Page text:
The scenario listed above could result in a gain or loss that’s greater than theoretical max gain/loss on the position.
If you’re trading a multi-leg options strategy and you are assigned on your short position before expiration, there are a few things to keep in mind.
Early assignment may result in decreased buying power. This is because the positions you hold are used to calculate your buying power, and at the time you’re assigned you may not have the shares (for call spreads) or buying power (for put spreads) needed to cover the deficit in your account. If you have an account deficit, you can’t open new positions until the deficit is resolved.
Early assignment may also result in an account deficit if it causes you to use more buying power than you have available. When you have an account deficit, there are a few potential actions that you can take, including exercising your long contract or buying/selling shares. If you have an account deficit and choose to exercise your long contract to increase your buying power, you will not be able to open new positions while your exercise is pending. But you should be able to open new positions once your exercise has been processed if exercising your long contract is sufficient to cover your account deficit.
Early assignment may also result in margin call (assuming you have margin investing enabled on your brokerage account) if it causes your account value to fall below your margin maintenance requirement. When you have a margin call, there are a few potential actions that you can take: exercising your long contract, buying/selling shares by placing orders, or depositing enough funds to cover the margin call. If you have a margin call and choose to exercise your long contract to decrease your margin deficiency, your margin call may persist while your exercise is pending or, further, if the exercise was not sufficient enough to cover your margin deficit. If exercising your long contract is sufficient to cover your margin deficiency, any margin calls should be satisfied once your exercise is processed.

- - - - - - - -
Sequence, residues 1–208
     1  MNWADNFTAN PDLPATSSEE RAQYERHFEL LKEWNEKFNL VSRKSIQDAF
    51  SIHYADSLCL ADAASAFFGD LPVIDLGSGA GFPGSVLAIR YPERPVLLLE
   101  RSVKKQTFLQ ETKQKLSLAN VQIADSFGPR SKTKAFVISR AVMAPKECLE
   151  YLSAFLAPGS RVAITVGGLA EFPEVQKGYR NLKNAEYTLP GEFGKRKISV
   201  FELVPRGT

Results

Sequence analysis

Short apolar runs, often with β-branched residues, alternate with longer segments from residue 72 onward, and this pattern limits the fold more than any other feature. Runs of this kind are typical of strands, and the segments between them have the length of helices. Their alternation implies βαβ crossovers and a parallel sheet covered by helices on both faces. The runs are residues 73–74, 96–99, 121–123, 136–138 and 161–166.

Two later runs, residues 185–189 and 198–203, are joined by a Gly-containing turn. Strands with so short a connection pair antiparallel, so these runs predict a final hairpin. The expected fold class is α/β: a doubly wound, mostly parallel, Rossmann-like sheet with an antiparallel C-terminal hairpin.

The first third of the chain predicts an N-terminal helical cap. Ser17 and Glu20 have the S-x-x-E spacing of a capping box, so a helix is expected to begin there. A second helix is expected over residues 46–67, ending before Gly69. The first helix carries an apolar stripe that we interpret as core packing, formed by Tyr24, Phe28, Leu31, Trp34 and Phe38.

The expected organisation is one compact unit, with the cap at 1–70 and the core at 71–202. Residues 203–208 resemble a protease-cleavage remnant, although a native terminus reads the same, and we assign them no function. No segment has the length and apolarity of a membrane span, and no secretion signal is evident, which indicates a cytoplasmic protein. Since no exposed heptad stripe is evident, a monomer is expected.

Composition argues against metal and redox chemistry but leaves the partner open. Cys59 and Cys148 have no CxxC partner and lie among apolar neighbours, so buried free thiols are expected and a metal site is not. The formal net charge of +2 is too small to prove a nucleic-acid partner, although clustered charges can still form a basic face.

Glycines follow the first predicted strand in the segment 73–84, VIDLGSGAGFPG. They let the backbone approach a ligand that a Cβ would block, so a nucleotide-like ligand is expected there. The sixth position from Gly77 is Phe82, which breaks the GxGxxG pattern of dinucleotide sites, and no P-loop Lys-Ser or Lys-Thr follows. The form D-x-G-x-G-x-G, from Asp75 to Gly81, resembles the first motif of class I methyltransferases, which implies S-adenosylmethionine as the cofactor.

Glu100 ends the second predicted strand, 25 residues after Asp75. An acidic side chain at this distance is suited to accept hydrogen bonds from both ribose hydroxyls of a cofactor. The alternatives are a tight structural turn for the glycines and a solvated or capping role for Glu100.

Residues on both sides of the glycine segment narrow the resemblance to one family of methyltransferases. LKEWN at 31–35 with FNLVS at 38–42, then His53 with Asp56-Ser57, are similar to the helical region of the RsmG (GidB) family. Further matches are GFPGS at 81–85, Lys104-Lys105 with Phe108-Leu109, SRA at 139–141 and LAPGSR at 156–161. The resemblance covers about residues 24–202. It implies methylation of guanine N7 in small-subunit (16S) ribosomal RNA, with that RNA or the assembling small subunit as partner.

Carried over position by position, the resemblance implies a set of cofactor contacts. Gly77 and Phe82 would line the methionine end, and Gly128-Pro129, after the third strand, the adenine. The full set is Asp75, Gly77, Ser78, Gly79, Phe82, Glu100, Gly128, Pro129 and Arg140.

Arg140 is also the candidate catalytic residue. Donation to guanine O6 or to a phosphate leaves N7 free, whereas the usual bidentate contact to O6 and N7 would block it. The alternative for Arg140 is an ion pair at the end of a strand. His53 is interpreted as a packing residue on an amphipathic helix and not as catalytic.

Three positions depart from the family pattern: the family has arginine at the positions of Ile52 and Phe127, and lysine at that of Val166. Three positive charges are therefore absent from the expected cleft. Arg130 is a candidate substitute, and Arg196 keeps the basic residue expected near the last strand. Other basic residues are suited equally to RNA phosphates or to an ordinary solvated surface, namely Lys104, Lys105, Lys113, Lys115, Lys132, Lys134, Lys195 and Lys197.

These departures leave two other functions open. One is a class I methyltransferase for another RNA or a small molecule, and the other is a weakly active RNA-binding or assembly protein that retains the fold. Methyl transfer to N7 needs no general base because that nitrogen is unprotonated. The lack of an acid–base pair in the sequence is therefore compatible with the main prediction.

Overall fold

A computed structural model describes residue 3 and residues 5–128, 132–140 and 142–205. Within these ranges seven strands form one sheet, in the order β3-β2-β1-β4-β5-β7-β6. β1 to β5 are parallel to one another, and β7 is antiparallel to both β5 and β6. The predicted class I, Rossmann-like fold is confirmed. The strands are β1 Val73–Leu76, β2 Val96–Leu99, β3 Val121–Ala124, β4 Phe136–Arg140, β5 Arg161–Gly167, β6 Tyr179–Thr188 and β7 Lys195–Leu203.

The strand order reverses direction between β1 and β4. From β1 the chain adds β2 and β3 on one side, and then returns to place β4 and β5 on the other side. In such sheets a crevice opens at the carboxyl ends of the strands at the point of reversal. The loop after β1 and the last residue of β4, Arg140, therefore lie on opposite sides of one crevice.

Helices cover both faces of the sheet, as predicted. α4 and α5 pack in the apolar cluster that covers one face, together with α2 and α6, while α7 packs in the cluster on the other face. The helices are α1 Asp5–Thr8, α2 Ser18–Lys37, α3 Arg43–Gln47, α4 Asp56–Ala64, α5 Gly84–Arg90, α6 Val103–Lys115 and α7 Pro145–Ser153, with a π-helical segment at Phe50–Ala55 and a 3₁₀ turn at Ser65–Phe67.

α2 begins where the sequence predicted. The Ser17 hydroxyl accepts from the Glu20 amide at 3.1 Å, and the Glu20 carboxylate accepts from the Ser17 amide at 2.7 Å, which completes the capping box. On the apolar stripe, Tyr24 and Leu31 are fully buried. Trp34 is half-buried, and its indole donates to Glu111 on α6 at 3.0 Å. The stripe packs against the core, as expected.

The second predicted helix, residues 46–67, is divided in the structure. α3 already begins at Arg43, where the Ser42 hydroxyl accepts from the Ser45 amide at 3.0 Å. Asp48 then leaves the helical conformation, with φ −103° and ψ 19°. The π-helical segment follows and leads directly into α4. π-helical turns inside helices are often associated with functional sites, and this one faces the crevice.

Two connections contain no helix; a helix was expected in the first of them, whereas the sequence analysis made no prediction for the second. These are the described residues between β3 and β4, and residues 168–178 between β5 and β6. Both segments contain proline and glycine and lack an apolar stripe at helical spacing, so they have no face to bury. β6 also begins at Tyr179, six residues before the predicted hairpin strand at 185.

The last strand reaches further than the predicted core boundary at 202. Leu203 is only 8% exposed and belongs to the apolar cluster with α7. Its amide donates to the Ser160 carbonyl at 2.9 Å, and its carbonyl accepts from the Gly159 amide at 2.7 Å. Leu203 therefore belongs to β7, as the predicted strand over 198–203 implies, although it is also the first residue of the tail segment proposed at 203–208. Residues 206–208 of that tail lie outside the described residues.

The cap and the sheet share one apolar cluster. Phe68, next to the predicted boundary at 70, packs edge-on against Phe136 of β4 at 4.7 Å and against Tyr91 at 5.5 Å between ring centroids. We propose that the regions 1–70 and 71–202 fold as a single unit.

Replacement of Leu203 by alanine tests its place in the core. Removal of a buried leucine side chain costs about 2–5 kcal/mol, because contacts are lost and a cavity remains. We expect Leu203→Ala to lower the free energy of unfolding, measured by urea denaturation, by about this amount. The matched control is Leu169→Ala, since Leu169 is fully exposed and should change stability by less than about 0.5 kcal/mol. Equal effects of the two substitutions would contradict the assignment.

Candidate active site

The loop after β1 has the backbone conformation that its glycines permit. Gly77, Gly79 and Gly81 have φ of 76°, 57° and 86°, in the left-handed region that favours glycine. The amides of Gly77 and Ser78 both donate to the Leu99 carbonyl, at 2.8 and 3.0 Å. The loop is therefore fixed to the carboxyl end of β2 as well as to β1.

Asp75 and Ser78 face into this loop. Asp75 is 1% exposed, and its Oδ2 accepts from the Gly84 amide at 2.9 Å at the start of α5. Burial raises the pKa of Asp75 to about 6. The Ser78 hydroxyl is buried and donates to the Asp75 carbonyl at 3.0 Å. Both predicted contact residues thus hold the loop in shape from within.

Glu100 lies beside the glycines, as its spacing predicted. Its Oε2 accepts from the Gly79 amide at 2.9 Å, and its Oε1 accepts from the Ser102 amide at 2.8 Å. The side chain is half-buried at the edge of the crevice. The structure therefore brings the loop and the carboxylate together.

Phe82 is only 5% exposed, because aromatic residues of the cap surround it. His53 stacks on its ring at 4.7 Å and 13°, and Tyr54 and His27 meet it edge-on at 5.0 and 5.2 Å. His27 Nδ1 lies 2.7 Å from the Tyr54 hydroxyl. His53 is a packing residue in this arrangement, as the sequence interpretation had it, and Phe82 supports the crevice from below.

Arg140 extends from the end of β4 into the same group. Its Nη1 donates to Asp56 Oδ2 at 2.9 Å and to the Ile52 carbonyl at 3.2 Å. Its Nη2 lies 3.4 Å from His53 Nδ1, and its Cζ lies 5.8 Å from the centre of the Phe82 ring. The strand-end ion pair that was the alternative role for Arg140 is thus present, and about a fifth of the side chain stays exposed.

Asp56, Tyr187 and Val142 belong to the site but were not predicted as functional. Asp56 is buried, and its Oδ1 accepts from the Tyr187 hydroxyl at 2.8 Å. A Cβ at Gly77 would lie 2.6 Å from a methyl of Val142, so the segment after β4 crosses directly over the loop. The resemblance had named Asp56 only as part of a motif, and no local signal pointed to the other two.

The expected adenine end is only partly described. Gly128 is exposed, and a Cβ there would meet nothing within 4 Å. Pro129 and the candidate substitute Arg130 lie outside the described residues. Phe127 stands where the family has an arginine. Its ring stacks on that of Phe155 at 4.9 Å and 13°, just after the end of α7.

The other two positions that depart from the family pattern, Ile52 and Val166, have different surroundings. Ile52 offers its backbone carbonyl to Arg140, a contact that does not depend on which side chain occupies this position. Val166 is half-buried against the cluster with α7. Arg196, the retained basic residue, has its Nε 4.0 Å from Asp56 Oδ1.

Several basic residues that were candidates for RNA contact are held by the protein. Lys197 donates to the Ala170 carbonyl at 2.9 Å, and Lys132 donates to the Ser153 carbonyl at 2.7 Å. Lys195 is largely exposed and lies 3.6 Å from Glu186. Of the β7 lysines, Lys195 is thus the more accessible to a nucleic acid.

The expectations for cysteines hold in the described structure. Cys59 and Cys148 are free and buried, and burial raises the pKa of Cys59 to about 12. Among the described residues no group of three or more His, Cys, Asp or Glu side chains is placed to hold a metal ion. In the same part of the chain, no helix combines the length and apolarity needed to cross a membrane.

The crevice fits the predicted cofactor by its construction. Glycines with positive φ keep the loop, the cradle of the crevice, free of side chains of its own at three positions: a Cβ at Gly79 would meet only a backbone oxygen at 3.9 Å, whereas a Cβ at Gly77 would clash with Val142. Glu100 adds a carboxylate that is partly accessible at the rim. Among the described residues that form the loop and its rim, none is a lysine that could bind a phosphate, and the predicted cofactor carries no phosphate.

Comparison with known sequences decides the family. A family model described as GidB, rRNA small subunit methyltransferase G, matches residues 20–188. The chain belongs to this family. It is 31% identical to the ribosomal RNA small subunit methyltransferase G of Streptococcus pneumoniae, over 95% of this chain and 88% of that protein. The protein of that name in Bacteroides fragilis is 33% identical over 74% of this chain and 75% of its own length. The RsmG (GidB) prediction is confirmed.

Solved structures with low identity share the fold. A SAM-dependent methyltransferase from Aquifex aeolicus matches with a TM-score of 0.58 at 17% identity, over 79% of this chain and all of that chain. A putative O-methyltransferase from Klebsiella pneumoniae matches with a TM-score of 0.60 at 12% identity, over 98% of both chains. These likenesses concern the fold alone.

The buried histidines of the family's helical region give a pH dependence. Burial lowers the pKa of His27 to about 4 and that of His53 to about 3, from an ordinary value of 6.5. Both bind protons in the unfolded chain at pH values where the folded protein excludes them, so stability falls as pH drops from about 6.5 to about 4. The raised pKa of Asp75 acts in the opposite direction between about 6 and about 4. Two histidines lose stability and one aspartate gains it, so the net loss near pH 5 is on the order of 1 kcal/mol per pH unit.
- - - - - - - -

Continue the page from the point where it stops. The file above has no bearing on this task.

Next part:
Keep in mind that we can’t process an early assignment before the end of the trading day and, so we can’t exercise the long leg until the next trading day (at the earliest). That’s because the Options Clearing Corporation (OCC) doesn’t notify us of your assignment until after the market closes (when they process assignments). While funds and shares that result from exercises are made available immediately during market hours, positions exercised after market hours are queued and credited to your account the next trading day.
These labels refer to the position of the underlying security’s price relative to the strike price of the option. They’re also sometimes referred to as the moneyness of an option.
A $20 call option for XYZ stock would be in the money if XYZ stock was trading at $20.01 or greater. A $20 Put option for XYZ stock would be in the money if XYZ stock was trading at $19.99 or below.
Keep in mind that an option contract being in the money doesn’t necessarily mean that its owner will make a profit if they were to exercise it.
A few things can happen if your option is exercised early, depending on the time of day.
If the early exercise occurs between 9 AM ET and 4 PM ET, the associated shares should appear in your account immediately; you shouldn’t see any pending exercise in your account.
If the early exercise happens after 4 PM ET, it will be queued for the next trading day, and the associated shares will remain pending until the exercise has cleared.
Once your contract has been exercised or assigned, we’ll hold the associated shares or cash collateral until we receive confirmation from the OCC that all aspects of the exercise or assignment have cleared. This process typically takes 1 business day. Once completed, the pending state of the exercise or assignment will be removed and your account will be updated accordingly.